KNOW THE RULES
21. Get credit for everything.
If you have a high-deductible policy, make sure you're getting the insurer's negotiated rate rather than the much higher list price, even if you haven't hit your deductible yet and are covering the cost yourself. And make sure all of your care is counted toward the deductible. "Every time you go to the doctor, even if you pay out-of-pocket because of the deductible, you should receive an explanation of benefits from the insurer," says Mostafaie.
22. Watch out for common errors.
Always get an itemized bill when you have a hospital stay or major procedure -- and question unexpected charges. Then match your bill with your explanation of benefits. Coverage may be denied just because the procedure wasn't coded properly, says
23. Ask for a cash discount.
If you're in your deductible period and paying for a test or procedure yourself, get some leverage by paying cash. Some providers will cut your bill by 20 percent if you give them cash, says
24. Negotiate a lower payment.
After getting the bill, ask the provider or hospital for a break if you pay a lump sum right away. "Tell them this is the amount of money you have," says Pane. "I usually start by offering 50 percent."
25. Play by the rules.
Annually review your insurer's rules regarding emergency care and whom to call for approval. That way, you'll have a plan in place before an emergency, and you won't get stuck with extra charges because you didn't know the drill.
DO SOME HOMEWORK
26. Use tools at your insurer's Web site.
Many insurers offer personalized tools to help members shop for care. Aetna, for example, makes it easy for members to look up specific fees for 450 physician-based services and more than 40 facility-based services. The tool shows the retail price for the procedure, the Aetna negotiated rate with each in-network provider and facility within a certain distance, and exactly how much you'll pay based on your plan's coinsurance rates and whether you've met your deductible yet. You can also check quality ratings for doctors and hospitals.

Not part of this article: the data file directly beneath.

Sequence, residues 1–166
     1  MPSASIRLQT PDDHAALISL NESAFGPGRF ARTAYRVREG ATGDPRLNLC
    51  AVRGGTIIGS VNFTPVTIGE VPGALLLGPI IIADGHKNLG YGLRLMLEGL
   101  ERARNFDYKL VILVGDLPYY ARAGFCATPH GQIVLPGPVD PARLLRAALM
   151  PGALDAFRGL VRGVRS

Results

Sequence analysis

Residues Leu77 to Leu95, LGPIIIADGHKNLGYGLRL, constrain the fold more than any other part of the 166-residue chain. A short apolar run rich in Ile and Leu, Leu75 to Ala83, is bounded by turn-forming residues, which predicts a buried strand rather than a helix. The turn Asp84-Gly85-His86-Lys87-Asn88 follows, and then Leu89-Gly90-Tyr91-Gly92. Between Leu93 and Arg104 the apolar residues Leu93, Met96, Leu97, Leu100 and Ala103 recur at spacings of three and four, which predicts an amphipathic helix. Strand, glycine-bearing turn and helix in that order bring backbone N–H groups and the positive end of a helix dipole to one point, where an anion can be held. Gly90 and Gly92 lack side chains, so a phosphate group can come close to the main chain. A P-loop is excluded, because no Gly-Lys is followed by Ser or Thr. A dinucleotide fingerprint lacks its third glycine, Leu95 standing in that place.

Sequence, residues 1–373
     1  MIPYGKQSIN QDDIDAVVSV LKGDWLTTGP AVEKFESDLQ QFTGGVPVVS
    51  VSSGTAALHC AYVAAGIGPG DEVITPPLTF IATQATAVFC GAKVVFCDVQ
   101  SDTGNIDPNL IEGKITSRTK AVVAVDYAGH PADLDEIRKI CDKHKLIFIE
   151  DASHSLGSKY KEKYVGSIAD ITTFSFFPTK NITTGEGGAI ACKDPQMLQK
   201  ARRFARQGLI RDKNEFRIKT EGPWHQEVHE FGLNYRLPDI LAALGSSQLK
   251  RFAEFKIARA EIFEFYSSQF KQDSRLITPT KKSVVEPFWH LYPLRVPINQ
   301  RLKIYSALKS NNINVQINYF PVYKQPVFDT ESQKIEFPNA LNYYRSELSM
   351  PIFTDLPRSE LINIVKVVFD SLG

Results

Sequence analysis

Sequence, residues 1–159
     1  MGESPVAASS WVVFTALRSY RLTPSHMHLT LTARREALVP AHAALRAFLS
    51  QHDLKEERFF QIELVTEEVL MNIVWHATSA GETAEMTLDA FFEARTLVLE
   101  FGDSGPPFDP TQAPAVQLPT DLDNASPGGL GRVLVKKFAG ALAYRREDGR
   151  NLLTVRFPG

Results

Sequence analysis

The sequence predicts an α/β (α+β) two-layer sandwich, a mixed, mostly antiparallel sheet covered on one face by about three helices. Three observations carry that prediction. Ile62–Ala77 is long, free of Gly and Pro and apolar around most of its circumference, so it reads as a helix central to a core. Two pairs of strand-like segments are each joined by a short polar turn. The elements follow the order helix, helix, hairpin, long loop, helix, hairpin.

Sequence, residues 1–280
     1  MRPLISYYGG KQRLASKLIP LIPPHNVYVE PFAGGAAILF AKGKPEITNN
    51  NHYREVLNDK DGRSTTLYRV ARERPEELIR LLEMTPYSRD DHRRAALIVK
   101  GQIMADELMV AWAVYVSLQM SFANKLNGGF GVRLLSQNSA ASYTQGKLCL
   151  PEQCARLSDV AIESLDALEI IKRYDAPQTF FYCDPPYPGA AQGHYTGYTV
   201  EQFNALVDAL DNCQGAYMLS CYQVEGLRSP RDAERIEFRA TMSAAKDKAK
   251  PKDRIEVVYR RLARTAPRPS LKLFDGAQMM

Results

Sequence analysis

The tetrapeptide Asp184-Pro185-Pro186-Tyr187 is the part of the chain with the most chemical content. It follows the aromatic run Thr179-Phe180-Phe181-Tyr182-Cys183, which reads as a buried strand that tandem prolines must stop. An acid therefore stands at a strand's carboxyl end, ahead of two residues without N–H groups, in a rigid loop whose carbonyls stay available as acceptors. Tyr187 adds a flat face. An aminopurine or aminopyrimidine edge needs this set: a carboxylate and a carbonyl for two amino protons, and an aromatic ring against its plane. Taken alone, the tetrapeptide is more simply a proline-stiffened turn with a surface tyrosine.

27. Sign up for your employer's tools.
28. Find fair prices at Healthcare Blue Book.
At www.healthcarebluebook.com you can find fair prices for surgery, hospital stays, doctor visits and medical tests, based on the average fee that providers in your area accept as payment from insurers. The site also provides money-saving tips for each procedure and a pricing agreement that makes it easier to negotiate with out-of-network providers.
29. Compare drug costs at DestinationRx.com.
This site shows generic equivalents and therapeutic alternatives to your medications and how much you can save through mail order or pill splitting. You may be able to access personalized information through your employer's pharmacy plan.
30. Use money-saving apps.
Your insurer or employer may offer cost-saving apps for your iPhone or Android phone.
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Personal Finance - 30 Ways to Cut Health Care Costs